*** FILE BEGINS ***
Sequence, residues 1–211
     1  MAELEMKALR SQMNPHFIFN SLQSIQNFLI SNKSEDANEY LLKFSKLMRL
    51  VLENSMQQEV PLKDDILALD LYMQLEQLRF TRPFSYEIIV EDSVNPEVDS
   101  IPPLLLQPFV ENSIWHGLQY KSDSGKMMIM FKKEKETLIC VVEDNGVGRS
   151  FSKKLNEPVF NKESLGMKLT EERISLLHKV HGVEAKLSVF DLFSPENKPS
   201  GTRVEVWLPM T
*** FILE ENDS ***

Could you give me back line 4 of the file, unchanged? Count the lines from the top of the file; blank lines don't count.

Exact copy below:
   101  IPPLLLQPFV ENSIWHGLQY KSDSGKMMIM FKKEKETLIC VVEDNGVGRS